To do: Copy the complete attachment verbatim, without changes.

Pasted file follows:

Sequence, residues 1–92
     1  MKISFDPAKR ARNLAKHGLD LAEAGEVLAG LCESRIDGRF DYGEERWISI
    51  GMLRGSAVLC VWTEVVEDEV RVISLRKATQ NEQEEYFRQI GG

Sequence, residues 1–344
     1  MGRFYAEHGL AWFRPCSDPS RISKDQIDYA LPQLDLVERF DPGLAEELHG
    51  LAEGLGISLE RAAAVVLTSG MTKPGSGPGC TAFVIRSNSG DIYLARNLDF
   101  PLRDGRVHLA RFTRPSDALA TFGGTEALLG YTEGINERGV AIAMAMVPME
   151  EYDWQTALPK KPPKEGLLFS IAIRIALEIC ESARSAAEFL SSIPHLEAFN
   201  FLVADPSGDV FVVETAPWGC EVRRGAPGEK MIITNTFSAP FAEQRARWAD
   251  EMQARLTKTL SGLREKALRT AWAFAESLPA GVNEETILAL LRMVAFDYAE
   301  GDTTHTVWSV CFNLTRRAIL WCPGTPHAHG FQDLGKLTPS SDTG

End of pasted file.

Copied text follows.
Sequence, residues 1–92
     1  MKISFDPAKR ARNLAKHGLD LAEAGEVLAG LCESRIDGRF DYGEERWISI
    51  GMLRGSAVLC VWTEVVEDEV RVISLRKATQ NEQEEYFRQI GG

Sequence, residues 1–344
     1  MGRFYAEHGL AWFRPCSDPS RISKDQIDYA LPQLDLVERF DPGLAEELHG
    51  LAEGLGISLE RAAAVVLTSG MTKPGSGPGC TAFVIRSNSG DIYLARNLDF
   101  PLRDGRVHLA RFTRPSDALA TFGGTEALLG YTEGINERGV AIAMAMVPME
   151  EYDWQTALPK KPPKEGLLFS IAIRIALEIC ESARSAAEFL SSIPHLEAFN
   201  FLVADPSGDV FVVETAPWGC EVRRGAPGEK MIITNTFSAP FAEQRARWAD
   251  EMQARLTKTL SGLREKALRT AWAFAESLPA GVNEETILAL LRMVAFDYAE
   301  GDTTHTVWSV CFNLTRRAIL WCPGTPHAHG FQDLGKLTPS SDTG